Bidenflation: Older Americans Expect Far Higher Prices Than Younger Americans

President Joe Biden speaks about the coronavirus pandemic in the East Room of the White House in Washington, Tuesday, Aug. 3, 2021. (AP Photo/Susan Walsh)
AP Photo/Susan Walsh

U.S. consumers’ expectations for inflation over the medium term climbed higher in July, reaching the highest level in eight years, data from the Federal Reserve Bank of New York showed Monday.

The median respondent in a July survey of consumers expected an inflation rate of 3.7 percent in three years’ time, the highest since August 2013. A month ago, the median expectation was for 3.6 percent.

Expectations for inflation over the next year inched up to a record 4.84 percent from June’ 4.80 percent.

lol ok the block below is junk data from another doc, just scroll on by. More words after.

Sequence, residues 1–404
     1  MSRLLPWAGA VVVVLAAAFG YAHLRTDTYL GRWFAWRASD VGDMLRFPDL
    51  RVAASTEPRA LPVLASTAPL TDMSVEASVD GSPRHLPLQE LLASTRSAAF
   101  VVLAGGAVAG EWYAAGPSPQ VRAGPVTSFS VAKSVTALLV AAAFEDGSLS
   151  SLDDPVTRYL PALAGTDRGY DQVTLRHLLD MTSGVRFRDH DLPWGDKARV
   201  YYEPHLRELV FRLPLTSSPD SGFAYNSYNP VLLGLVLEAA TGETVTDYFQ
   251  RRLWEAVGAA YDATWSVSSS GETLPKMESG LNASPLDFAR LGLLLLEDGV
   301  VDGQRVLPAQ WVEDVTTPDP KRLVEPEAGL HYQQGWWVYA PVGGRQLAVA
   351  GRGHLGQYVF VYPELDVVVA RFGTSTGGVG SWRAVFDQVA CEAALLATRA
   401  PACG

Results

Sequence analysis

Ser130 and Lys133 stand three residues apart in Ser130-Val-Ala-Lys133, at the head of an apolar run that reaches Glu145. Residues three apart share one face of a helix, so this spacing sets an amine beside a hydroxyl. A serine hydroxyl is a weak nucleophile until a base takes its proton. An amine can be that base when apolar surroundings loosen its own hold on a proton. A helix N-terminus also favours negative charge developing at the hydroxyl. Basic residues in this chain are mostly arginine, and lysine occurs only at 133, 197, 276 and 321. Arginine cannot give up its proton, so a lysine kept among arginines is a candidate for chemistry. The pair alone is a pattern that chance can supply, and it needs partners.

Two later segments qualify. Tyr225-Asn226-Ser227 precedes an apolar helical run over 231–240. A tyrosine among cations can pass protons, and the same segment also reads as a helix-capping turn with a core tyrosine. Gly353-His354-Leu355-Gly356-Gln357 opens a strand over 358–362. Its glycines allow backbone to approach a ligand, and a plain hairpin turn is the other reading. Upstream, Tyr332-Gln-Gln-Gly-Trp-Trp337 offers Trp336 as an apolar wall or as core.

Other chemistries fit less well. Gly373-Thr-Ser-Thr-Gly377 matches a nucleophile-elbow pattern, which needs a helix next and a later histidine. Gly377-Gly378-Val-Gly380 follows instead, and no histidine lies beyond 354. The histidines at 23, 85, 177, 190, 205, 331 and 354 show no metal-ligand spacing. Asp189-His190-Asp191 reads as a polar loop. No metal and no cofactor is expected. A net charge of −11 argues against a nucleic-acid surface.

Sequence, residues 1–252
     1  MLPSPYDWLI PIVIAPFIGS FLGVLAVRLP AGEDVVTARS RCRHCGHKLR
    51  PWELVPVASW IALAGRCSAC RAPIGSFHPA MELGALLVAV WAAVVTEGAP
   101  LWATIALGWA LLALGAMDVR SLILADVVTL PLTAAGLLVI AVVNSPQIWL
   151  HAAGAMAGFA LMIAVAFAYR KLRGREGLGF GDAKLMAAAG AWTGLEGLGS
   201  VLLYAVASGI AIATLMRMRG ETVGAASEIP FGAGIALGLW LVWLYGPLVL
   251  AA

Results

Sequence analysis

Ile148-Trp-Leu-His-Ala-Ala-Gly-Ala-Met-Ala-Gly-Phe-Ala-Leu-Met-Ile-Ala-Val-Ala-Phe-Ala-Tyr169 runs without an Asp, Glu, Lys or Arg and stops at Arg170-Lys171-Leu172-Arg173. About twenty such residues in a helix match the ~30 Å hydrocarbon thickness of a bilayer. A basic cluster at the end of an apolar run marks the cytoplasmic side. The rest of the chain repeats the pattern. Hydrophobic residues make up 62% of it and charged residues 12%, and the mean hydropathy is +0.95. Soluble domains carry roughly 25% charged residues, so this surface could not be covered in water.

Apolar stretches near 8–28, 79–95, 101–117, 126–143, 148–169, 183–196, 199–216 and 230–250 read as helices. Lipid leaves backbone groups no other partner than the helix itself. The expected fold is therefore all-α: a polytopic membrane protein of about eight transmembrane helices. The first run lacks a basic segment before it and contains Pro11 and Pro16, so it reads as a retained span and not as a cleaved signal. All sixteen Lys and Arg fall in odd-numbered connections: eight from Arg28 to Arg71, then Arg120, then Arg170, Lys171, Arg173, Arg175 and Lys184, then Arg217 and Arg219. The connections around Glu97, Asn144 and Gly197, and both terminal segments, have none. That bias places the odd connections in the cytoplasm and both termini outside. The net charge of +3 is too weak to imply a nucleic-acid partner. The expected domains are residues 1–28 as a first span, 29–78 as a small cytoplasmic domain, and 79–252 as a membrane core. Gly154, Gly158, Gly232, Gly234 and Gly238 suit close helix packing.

Older Americans expect far more inflation than younger Americans. The median respondent over 59 years old expects 5.9 percent inflation over the next year.  Those under 40 expect four percent inflation. Those between 40 and 59 expect 4.5 percent inflation.

While younger people have generally expected less inflation than older people, these big demographic gaps are unusual.

Americans also expect home prices to continue to rise. The median expected rise over the next year is 6 percent. Americans over 59 anticipate a 7.3 percent increase in home prices, down from 8.3 percent a month ago. Those between 40 and 59 expect home prices to rise 5.1 percent. Under 40 consumers expect a 4.7 percent rise in home prices.

The median expectation for rents is an increase 9.8 percent in the coming year, the highest reading since the survey began in 2013. Medical care costs are expected to rise 9.5 percent. Gas is seen as rising 8.1 percent, down from 9.2 percent a month ago. The median expectation for food is a rise of 7.1 percent, down from the 8 percent record high hit in June.

 

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